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ORIGINAL ARTICLES  EXCERCISE PHYSIOLOGY AND BIOMECHANICS 

The Journal of Sports Medicine and Physical Fitness 2014 December;54(6):742-9

Copyright © 2014 EDIZIONI MINERVA MEDICA

lingua: Inglese

Lactate minimum test during incremental running after a submaximal cycling exercise: a novel test with training applications for triathletes

Vicente-Campous D. 1, Barbado C. 2, Nuñez M. J. 3, Chicharro J. L. 4

1 Francisco de Vitoria University, Madrid, Spain; 2 Madrid European University, Madrid, Spain; 3 Sport Medical Center OHP, Reebok Sports Club, Madrid, Spain; 4 Physiotherapy School, University of Madrid, Madrid, Spain


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AIM: The purpose of the present study was to determine whether running speed determined in a lactate minimum test (lactate minimum intensity, LMI) during a treadmill incremental exercise performed just after submaximal cycling corresponds to the speed of a respiratory exchange ratio of 1.00 (RER-1) and, by extension, to the maximal lactate steady state (MLSS) previously obtained in a standard incremental exercise test.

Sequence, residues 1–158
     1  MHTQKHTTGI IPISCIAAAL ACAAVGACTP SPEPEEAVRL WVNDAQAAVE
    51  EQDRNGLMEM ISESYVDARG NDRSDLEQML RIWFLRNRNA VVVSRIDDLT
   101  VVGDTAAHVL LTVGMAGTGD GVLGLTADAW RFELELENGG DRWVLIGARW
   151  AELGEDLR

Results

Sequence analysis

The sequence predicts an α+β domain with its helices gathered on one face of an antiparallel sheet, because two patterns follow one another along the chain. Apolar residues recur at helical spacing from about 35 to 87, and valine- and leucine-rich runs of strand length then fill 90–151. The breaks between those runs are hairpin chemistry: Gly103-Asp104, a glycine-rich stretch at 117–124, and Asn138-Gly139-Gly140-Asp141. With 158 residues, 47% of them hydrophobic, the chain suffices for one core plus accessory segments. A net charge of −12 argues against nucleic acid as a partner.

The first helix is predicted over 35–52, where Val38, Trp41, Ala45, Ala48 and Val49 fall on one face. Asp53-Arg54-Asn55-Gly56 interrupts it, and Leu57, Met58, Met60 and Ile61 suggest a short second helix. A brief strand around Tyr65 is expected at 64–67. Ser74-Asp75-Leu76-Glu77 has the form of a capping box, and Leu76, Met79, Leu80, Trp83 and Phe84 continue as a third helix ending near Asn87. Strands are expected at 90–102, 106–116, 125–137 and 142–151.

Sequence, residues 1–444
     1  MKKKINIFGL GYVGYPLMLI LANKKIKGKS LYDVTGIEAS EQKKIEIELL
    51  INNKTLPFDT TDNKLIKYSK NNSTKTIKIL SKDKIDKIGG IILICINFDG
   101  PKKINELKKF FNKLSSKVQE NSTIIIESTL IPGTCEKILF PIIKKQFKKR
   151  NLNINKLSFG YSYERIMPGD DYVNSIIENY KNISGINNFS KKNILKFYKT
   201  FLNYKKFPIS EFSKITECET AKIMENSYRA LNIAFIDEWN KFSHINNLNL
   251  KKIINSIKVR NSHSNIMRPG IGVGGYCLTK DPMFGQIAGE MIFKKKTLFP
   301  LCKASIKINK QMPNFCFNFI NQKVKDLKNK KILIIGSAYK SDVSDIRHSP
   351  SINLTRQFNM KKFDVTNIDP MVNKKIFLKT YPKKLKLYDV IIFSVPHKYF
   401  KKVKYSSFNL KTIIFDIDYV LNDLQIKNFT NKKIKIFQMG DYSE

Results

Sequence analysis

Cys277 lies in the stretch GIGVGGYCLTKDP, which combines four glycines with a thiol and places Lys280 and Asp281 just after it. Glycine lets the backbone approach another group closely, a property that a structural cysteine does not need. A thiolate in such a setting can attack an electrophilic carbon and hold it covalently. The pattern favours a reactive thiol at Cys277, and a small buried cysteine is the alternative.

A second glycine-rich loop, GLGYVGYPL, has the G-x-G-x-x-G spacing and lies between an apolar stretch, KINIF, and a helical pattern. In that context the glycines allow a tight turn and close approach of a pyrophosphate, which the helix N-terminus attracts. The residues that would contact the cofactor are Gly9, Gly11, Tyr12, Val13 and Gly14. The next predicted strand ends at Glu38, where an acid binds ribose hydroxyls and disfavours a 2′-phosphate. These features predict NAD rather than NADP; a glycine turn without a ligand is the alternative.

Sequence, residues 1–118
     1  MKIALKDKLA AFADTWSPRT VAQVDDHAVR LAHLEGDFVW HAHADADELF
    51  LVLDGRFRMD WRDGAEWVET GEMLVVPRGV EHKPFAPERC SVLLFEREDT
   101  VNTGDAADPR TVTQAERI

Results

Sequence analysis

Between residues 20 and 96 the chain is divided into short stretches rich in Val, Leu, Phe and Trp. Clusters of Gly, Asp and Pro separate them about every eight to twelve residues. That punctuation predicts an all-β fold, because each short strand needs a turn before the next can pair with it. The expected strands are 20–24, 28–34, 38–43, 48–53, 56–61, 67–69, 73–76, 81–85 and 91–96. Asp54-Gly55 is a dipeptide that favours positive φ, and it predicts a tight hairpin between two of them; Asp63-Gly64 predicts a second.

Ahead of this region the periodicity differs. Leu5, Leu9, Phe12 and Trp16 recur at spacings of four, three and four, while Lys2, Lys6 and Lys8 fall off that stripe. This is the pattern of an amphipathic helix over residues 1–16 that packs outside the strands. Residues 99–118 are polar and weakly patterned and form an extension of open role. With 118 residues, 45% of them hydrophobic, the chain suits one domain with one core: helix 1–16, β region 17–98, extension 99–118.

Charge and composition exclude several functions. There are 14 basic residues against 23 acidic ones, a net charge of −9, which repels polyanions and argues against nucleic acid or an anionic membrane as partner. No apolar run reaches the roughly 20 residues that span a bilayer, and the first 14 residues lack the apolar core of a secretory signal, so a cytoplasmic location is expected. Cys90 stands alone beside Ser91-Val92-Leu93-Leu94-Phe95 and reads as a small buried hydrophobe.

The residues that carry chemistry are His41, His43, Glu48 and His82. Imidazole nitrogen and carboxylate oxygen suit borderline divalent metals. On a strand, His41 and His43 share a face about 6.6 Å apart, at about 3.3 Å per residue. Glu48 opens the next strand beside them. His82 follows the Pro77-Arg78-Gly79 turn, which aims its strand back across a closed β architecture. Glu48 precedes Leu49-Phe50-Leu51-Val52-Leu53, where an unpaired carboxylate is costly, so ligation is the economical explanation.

METHODS: Eighteen moderately trained triathletes (15 men, 3 women) underwent two exercise sessions 72 h apart in random order: 1) a standard incremental treadmill test to identify the speed corresponding to RER-1, and 2) a submaximal exercise test on a bicycle-ergometer to obtain the LT (lactate threshold) followed by the incremental portion of the lactate minimum test on the treadmill.
RESULTS: No significant differences were detected between running speed and heart rate at RER-1 and LMI (14.44±1.24 vs. 14.11±1.36 km·h-1 and 166.38±9.30 vs. 169.55±8.97 beats·min-1, respectively). Moreover, 95% of the differences between the results of the two incremental tests for running speed and heart rate were within the limits of agreement.
CONCLUSION: These findings suggest the possibility of obtaining a valid physiological profile of a triathlete using a single test to assess the level of training in both cycling and running.

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